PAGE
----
Legendary fund manager Li Lu (who Charlie Munger backed) once said, 'The biggest investment risk is not the volatility of prices, but whether you will suffer a permanent loss of capital.' When we think about how risky a company is, we always like to look at its use of debt, since debt overload can lead to ruin. We can see that Andrew Peller Limited (TSE:ADW.A) does use debt in its business. But the more important question is: how much risk is that debt creating?
When Is Debt Dangerous?
Debt assists a business until the business has trouble paying it off, either with new capital or with free cash flow. Part and parcel of capitalism is the process of 'creative destruction' where failed businesses are mercilessly liquidated by their bankers. However, a more frequent (but still costly) occurrence is where a company must issue shares at bargain-basement prices, permanently diluting shareholders, just to shore up its balance sheet. Of course, debt can be an important tool in businesses, particularly capital heavy businesses. When we examine debt levels, we first consider both cash and debt levels, together.
How Much Debt Does Andrew Peller Carry?
You can click the graphic below for the historical numbers, but it shows that Andrew Peller had CA$152.0m of debt in June 2019, down from CA$164.4m, one year before. And it doesn't have much cash, so its net debt is about the same.
How Healthy Is Andrew Peller's Balance Sheet?
The latest balance sheet data shows that Andrew Peller had liabilities of CA$98.7m due within a year, and liabilities of CA$147.6m falling due after that. Offsetting these obligations, it had cash of CA$77.0k as well as receivables valued at CA$33.2m due within 12 months. So its liabilities outweigh the sum of its cash and (near-term) receivables by CA$213.0m.
While this might seem like a lot, it is not so bad since Andrew Peller has a market capitalization of CA$630.4m, and so it could probably strengthen its balance sheet by raising capital if it needed to. However, it is still worthwhile taking a close look at its ability to pay off debt.
We measure a company's debt load relative to its earnings power by looking at its net debt divided by its earnings before interest, tax, depreciation, and amortization (EBITDA) and by calculating how easily its earnings before interest and tax (EBIT) cover its interest expense (interest cover). Thus we consider debt relative to earnings both with and without depreciation and amortization expenses.
Andrew Peller has a debt to EBITDA ratio of 2.6 and its EBIT covered its interest expense 4.9 times. This suggests that while the debt levels are significant, we'd stop short of calling them problematic. Unfortunately, Andrew Peller saw its EBIT slide 5.2% in the last twelve months. If earnings continue on that decline then managing that debt will be difficult like delivering hot soup on a unicycle. The balance sheet is clearly the area to focus on when you are analysing debt. But it is future earnings, more than anything, that will determine Andrew Peller's ability to maintain a healthy balance sheet going forward. So if you're focused on the future you can check out this free report showing analyst profit forecasts.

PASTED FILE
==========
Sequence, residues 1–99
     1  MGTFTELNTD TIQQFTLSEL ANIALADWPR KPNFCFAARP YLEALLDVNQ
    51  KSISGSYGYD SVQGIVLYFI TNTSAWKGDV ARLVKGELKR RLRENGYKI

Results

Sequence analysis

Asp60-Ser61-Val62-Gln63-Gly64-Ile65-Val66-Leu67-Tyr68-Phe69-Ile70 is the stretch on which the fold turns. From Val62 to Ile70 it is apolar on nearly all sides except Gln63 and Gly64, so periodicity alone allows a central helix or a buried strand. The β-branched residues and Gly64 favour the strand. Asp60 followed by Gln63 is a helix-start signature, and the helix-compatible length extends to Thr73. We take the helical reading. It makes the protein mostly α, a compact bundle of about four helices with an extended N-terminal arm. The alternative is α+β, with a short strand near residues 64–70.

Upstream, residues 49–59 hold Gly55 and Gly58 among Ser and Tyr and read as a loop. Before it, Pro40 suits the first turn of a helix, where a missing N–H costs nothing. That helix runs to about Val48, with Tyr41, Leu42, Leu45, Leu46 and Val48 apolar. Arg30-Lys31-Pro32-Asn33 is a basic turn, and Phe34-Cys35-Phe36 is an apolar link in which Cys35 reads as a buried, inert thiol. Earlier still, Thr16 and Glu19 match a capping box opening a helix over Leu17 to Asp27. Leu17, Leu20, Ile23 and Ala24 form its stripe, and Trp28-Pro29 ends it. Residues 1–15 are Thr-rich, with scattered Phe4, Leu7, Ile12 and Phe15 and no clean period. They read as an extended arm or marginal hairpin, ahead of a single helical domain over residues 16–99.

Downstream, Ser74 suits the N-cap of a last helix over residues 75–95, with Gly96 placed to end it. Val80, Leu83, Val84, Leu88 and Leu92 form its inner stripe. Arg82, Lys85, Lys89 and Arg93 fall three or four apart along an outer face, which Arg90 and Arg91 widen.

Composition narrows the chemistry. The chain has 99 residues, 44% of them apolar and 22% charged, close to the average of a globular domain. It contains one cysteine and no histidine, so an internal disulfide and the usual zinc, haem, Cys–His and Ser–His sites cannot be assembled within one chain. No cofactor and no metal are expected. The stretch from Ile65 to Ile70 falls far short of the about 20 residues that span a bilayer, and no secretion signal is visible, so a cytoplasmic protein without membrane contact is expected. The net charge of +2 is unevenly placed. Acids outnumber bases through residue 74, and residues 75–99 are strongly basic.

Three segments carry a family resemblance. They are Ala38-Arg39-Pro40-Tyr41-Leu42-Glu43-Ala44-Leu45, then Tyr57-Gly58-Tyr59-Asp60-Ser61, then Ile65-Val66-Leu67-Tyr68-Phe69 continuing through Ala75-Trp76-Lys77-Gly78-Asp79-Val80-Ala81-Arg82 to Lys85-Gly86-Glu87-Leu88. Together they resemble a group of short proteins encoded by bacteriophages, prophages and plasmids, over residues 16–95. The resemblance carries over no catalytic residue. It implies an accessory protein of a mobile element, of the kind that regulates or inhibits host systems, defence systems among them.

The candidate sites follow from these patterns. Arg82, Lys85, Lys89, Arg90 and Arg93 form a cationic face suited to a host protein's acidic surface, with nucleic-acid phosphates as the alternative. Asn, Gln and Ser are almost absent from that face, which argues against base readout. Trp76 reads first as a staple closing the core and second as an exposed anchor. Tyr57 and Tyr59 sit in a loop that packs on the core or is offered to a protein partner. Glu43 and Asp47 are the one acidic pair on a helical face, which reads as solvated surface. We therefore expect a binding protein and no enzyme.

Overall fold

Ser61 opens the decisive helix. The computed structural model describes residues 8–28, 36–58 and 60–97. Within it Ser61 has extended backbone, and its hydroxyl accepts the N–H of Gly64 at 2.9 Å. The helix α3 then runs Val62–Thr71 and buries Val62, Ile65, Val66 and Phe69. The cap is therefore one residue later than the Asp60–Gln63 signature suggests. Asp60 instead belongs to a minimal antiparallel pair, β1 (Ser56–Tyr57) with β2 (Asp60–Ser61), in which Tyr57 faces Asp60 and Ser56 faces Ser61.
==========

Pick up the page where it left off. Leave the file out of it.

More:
Finally, a company can only pay off debt with cold hard cash, not accounting profits. So we clearly need to look at whether that EBIT is leading to corresponding free cash flow. In the last three years, Andrew Peller's free cash flow amounted to 28% of its EBIT, less than we'd expect. That weak cash conversion makes it more difficult to handle indebtedness.
While Andrew Peller's EBIT growth rate makes us cautious about it, its track record of converting EBIT to free cash flow is no better. But its not so bad at covering its interest expense with its EBIT. When we consider all the factors discussed, it seems to us that Andrew Peller is taking some risks with its use of debt. While that debt can boost returns, we think the company has enough leverage now. Given our hesitation about the stock, it would be good to know if Andrew Peller insiders have sold any shares recently. You click here to find out if insiders have sold recently.
If, after all that, you're more interested in a fast growing company with a rock-solid balance sheet, then check out our list of net cash growth stocks without delay.
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